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Scam Awareness Week

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By Alicia Hill, Principal and Benjamin Caddaye, Law Clerk, MST Lawyers.

Since 2005, the Australian Competition and Consumer Commission (ACCC) in partnership with other Federal, State and New Zealand Government organisations have operated the Scam Awareness Network. The purpose of the network is to work alongside non-governmental and private sector bodies to protect consumers from fraud. Every year the Network runs ‘Scams Awareness Week’, which will be held 21-25 May this year.

The ACCC is the agency responsible for consumer protection. It has an important role in educating the public about how scams operate and what do if they are the victim of a scam.

Threat-Based Impersonation Scams

This year, the ACCC has decided to focus on one of the more devastating kinds of scams that can occur, known as ‘threat-based impersonation’ scams. These occur when a person is contacted by someone who is purporting to be from a government agency (normally one with a large amount of coercive power such as the Australian Taxation Office (ATO) or Department of Home Affairs), or a well-known company, and are threatened. The threats generally operate along two lines, either requesting funds to be paid to a certain account, or requesting personal information, and if that action is not taken then a litany of things may happen (court action, penalties, fines, arrest or even deportation).

These scams are most likely to occur via a phone call, and to a lesser extent via email. In 2017, the ACCC’s Scamwatch website received more than 33,000 reports of these types of scams, and it cost Australians nearly $5,000,000.

Telstra and the ATO

The most commonly impersonated entities making up 57% of scams reported in 2017 were Telstra (35%), followed by the ATO (22%). What is most troubling about these types of scams is that they prey on the most vulnerable members of our society; the elderly, the financially disadvantaged and those from non-English speaking backgrounds.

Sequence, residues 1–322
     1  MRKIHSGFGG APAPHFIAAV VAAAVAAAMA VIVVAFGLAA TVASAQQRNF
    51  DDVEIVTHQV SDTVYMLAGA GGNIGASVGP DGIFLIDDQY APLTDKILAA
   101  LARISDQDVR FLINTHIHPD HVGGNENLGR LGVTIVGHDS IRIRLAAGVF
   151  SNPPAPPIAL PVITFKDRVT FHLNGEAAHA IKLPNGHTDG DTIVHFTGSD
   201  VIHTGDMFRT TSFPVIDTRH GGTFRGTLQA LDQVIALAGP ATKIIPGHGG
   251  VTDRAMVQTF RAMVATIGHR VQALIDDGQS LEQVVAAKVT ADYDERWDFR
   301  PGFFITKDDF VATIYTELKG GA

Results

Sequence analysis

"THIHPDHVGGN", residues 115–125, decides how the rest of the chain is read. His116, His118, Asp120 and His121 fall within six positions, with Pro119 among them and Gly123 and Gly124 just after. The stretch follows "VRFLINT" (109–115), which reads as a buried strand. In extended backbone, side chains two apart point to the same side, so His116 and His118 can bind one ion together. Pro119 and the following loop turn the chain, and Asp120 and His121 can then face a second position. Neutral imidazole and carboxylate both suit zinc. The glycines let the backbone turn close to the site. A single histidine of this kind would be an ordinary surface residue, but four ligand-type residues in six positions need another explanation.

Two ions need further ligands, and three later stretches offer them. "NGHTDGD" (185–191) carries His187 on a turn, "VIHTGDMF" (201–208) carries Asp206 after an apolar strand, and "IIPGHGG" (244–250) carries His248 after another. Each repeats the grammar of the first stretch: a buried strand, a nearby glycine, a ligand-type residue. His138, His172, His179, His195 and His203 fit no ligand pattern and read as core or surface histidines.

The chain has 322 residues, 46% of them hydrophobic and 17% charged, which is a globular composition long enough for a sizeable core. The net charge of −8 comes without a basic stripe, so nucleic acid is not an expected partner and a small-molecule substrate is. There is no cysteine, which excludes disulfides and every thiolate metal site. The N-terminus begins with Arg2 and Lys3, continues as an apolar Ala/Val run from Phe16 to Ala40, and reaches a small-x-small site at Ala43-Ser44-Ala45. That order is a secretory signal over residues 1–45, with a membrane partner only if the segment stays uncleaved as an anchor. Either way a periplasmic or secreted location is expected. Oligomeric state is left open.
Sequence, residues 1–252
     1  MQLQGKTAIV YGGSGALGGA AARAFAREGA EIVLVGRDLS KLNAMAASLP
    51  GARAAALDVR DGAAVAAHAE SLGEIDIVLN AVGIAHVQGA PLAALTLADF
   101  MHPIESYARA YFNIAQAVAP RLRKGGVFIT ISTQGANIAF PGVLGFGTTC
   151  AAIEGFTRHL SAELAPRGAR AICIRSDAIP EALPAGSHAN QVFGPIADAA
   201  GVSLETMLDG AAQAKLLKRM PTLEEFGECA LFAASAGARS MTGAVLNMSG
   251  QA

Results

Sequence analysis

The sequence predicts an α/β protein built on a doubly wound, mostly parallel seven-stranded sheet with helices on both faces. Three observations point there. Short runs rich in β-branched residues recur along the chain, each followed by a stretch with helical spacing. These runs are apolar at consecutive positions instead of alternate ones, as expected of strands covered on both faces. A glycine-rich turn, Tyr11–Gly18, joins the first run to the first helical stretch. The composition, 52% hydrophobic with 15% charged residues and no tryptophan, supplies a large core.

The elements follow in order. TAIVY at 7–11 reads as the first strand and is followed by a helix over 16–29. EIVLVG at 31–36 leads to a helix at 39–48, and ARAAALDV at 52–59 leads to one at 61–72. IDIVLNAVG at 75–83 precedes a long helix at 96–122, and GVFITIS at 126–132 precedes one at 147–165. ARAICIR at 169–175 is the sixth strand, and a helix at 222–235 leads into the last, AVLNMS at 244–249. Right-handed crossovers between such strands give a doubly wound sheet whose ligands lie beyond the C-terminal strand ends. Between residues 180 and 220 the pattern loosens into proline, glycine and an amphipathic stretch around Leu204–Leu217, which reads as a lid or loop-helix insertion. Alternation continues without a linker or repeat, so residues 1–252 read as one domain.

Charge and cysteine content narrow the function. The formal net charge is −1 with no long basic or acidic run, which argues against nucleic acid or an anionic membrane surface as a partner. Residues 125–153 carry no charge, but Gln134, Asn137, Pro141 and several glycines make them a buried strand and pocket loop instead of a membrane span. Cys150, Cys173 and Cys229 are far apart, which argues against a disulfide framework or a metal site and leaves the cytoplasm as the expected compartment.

Eliza, a single parent from the UK (with no other family in Australia), received a telephone call from someone claiming to be from the ATO and was told that she was being charged with Tax Fraud. Furthermore, the caller said that unless she made a $500 instalment on the $4,900 ‘debt’ she owed, a warrant would be issued for her immediate arrest. The phone call lasted for nearly an hour, and during that time Eliza was even threatened with the loss of her passport and deportation back to the UK. She was in emotional shock at the prospect of this and agreed to hand over credit card details in order to avert this. However, shortly after this harrowing ordeal, she became suspicious and rang her bank. The bank confirmed that two withdrawals had been made, totalling $4,900. She had been scammed.

Similarly, another victim, Georgia, was contacted by phone by someone claiming to be from Telstra, telling her that her NBN service was being used by someone illegally without her knowledge. The caller told her that it required immediate attention, and asked her to download software onto her computer which would allow a ‘Telstra technician’ to remotely access her computer to ‘solve the problem’. The supposed technician then viewed her emails and altered her Pay-Pal settings so that it didn’t require a password each time purchases were made, scamming her out of $600 spent in the US on gift cards.

Ways To Protect Yourself